PHILADELPHIA, Pa. — Josh Ryan became only the second individual in the 108-year history of the Junior Boys’ Championship to win three consecutive titles Wednesday.
The 1912 Club member defeated Merion Golf Club’s Nathan Guertler, 5&4, at a cool Bala Golf Club (par 68, 5,306 yards). Ryan joins Meredith M. Jack (1914-16) as a three-time champion. Robert Galbreath, Jr. holds the most Junior Boys’ titles with four (2004-05, 2007-08).
“It’s awesome. Winning was definitely the goal every year I played,” Ryan, 18, of Norristown, Pa., said. “I love match play, so it’s always good to be competing [in that format] and grinding. It’s awesome to be in that position and try to win matches as quickly as possible. When you’re playing good golf, it becomes sometimes easy.”
“I’m very proud. I feel like a winner today,” Guertler, 17, of Merchantville, N.J., said. “Josh is the best player in this tournament. I’m happy he won. It’s cool be a part [of history]. It’s cool to watch it.”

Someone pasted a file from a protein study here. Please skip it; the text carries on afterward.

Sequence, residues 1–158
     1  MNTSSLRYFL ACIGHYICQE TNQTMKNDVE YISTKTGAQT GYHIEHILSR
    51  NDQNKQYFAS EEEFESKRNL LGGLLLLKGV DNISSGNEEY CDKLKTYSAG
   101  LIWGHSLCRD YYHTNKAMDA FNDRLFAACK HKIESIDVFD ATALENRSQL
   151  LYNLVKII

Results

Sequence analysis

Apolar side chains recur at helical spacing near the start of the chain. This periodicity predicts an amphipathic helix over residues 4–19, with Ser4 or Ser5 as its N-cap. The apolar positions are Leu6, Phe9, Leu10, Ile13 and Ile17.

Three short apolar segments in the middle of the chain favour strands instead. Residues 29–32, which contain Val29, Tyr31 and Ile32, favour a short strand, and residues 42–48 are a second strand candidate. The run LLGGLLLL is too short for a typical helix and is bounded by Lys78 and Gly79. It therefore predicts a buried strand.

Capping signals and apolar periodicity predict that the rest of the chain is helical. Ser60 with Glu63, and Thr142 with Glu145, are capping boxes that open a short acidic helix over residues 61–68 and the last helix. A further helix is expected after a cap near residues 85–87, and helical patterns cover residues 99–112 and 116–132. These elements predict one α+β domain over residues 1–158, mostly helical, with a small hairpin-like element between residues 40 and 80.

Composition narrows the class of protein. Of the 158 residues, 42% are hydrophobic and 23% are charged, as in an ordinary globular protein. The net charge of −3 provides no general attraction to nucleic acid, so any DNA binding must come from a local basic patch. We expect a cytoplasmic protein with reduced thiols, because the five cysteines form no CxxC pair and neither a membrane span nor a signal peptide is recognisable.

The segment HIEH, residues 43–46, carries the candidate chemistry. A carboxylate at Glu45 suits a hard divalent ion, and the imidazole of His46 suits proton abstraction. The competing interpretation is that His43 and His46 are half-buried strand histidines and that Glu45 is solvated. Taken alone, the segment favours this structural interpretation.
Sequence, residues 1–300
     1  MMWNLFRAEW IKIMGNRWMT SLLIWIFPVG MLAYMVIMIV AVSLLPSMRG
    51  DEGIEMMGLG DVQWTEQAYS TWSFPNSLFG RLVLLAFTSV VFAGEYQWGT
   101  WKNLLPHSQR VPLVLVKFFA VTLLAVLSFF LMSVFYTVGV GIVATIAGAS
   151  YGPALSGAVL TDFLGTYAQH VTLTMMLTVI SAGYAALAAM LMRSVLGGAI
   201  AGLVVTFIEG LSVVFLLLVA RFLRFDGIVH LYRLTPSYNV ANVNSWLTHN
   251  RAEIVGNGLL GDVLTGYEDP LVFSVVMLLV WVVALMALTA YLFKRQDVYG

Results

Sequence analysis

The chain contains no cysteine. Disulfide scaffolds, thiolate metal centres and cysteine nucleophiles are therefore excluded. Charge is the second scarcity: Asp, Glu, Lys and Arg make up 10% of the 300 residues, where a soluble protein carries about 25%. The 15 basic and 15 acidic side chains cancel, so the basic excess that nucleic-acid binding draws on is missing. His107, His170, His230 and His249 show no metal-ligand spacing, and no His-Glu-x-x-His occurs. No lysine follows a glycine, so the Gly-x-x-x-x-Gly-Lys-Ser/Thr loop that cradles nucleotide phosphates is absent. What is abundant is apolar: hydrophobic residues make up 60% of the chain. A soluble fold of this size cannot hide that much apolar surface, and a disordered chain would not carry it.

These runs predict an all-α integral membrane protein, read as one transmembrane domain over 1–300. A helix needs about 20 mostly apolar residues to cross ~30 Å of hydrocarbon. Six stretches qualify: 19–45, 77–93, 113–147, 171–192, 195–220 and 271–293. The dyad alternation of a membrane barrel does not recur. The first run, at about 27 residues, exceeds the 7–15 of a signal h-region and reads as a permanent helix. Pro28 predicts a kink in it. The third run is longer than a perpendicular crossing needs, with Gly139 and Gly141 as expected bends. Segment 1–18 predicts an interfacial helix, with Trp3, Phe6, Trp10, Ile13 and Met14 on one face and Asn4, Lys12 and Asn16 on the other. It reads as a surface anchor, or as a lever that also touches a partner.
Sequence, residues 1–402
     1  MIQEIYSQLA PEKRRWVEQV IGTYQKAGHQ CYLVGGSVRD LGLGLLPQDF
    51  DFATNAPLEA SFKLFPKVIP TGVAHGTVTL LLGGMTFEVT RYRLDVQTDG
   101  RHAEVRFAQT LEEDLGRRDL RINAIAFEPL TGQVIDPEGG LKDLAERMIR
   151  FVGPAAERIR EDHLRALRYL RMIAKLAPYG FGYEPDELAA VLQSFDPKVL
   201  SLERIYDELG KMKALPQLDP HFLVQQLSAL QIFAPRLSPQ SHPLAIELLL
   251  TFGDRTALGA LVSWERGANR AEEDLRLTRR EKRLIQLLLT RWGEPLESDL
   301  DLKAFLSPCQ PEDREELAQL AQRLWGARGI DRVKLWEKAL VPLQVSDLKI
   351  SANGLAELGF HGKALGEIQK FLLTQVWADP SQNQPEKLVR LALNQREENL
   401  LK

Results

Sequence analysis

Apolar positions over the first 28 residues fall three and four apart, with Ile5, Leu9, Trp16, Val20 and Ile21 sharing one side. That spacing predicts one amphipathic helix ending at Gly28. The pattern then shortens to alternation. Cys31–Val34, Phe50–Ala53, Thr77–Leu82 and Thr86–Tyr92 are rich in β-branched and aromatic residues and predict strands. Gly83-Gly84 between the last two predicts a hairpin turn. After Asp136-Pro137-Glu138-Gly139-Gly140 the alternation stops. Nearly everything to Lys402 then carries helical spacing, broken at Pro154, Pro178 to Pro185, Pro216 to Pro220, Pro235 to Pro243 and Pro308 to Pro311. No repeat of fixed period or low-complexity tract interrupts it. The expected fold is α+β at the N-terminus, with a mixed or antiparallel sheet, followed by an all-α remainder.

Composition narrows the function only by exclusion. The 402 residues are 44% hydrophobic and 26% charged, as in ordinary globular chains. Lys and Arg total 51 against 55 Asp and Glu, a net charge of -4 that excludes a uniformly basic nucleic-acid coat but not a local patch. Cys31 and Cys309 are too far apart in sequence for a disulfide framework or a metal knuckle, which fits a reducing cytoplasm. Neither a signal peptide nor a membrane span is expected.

The Ryan show aired without delay Wednesday.
He won No. 1 (par 4, 336 yards) on the wings of his prototypical short game: 50-yard wedge to three feet for par. Ryan holed an eight-yard chip for birdie on No. 2 (par 4, 303 yards) to move to 2-up. Prior to those theatrics, Guertler hit a gap wedge 110 yards to 10 feet.
“I was on the fringe. I had a putt for birdie. I’m thinking to myself, ‘Maybe I can get one from him here,’” Guertler said. “He chipped it in from off the green. It was absolutely beautiful. That was kind of when I knew I was a little outmatched here.”